Everybody cheered.


Pot House Trail

A catfish jumped out of the river near where I was crouched on the bank, combing my fingers through clam shells and mud. I jumped too. All had been quiet and still, and my focus had been on the ground. It was as if the fish had snuck up on me and yelled, “Boo!”

I looked up. The river rippled where the fish had been. I’m glad the creature got my attention. The long brown line of water flowed like a road cut between the trees. The yellow bank bordered the river like a welcoming sidewalk. Dogwoods showed off their spring attire; their white blossoms bounced in the breeze. After a very long winter, the forest was again becoming green.

It was cool out and the sky was open and blue. The trail was muddy from yesterday’s rain. The grassy parts of the trail felt like stepping on a wet sponge.

“Should’ve worn my muck boots,” said Caleb, toting Levi in a child carrier on his back.

“Ba ba ya ya na na,” replied Levi, as if to say what for? He had on socks, but no shoes. Even when we put shoes on him, he pulls them right off. Toddlers, like the rest of us it seems, just want to be free.

Caleb, who’s always noticing things I don’t, stopped to show me an old cobblestone wall that had a wide opening where the trail went through it, and that nature had reclaimed with moss and bramble and vines.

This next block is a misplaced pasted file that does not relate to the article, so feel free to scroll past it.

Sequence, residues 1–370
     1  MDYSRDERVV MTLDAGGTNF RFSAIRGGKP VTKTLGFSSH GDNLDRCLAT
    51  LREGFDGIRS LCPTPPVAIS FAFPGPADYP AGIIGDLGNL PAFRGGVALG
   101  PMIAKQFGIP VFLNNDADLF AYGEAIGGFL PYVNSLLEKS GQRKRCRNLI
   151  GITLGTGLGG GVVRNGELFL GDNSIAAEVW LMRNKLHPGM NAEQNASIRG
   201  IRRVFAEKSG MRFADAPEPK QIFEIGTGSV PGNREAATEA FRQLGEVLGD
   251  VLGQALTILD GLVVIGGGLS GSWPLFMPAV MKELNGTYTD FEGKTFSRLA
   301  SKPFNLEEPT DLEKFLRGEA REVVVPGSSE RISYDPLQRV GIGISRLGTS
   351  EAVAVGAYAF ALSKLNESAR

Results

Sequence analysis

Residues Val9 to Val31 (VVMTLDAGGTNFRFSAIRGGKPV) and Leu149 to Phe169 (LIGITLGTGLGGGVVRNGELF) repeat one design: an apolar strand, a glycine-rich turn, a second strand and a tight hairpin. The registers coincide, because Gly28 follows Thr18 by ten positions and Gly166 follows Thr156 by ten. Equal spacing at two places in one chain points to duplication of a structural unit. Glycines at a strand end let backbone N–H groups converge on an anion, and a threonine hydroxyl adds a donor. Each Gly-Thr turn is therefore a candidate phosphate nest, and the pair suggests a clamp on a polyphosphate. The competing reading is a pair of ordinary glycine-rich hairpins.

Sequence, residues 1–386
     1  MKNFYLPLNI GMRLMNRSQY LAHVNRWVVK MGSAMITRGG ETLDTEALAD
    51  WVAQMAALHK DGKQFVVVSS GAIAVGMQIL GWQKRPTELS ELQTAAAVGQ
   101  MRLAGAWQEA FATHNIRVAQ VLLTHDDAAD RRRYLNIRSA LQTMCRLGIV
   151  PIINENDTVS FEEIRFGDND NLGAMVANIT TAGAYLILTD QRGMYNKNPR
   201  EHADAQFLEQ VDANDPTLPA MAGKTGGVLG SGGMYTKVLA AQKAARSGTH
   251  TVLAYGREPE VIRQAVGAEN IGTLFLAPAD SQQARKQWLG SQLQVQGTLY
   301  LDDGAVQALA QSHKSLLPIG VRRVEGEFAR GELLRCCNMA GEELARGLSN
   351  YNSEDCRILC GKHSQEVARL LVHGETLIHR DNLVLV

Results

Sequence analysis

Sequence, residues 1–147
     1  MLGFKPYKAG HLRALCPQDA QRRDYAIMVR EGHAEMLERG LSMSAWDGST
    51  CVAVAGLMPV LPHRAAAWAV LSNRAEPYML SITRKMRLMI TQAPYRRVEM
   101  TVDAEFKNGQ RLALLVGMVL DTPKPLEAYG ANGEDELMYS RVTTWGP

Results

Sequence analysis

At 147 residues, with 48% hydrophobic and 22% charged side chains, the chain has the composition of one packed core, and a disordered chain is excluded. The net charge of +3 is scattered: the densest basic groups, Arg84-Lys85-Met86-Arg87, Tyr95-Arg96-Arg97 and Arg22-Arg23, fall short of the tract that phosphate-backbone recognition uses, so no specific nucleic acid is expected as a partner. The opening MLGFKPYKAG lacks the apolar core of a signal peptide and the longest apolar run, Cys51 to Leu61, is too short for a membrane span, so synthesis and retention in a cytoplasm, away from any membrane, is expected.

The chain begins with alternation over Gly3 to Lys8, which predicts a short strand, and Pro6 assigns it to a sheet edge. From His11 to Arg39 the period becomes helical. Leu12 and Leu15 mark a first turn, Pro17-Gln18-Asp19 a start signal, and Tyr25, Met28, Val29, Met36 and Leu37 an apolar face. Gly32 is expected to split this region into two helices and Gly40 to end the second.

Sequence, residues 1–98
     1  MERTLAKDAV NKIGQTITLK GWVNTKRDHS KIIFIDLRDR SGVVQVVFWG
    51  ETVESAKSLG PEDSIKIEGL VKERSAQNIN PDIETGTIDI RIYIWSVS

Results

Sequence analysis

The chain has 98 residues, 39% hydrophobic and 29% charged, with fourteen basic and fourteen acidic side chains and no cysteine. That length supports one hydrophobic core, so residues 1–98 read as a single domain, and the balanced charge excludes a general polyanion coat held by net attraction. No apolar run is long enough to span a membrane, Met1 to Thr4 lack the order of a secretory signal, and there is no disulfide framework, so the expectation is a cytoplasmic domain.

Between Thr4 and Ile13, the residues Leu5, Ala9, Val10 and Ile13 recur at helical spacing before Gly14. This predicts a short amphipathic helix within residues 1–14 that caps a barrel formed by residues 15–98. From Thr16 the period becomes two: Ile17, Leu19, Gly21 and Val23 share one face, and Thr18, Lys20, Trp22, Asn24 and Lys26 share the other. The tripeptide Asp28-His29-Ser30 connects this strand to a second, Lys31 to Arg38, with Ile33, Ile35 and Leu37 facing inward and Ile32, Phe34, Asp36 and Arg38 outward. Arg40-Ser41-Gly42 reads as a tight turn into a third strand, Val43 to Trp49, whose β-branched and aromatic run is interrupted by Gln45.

“They cut through it I bet when they made this trail.”

“What was it for?” I asked.

“Probably a property boundary between farm plots. When farmers clear their fields every spring in preparation for planting, they pull all the rocks out and stack them to make walls like this.”

The wall reminded me of the old broken-down home my mom and I used to canoe to at her family’s lake property on the back of Lookout Mountain. I was a girl, and my mom and I would find rusty kitchen tools (and sometimes water moccasins) under the busted bricks–the decayed bones–of the 19th century dwelling. We called our finds treasure and stored them in a brown paper bag. One time I found a tiny porcelain doll with a missing head that I still have, closed up in a matchbox.

“A little girl must’ve lived here,” my mom said the day I found the doll. “The world we live in is like a wedding cake,” she said. “It has many layers. But you have to cut into it to know.”

A walk in nature always makes for a good slice.

Winter Hats in Spring

The hike to Benton Falls was windy and cold. It was Saturday, late March, overcast, bleak. It had rained on the drive up to Chilhowee, and still the clouds looked full like wet diapers on the verge of leaking through.

Caleb carried Levi on his back in the forest green child carrier. Levi is almost one, so, since all he wants to do is roam and play, these days it’s hit or miss on whether he’ll ride peaceably in the pack or not. I gave him a stick to hold onto and wonder at, said a quick prayer that he wouldn’t poke out his eye.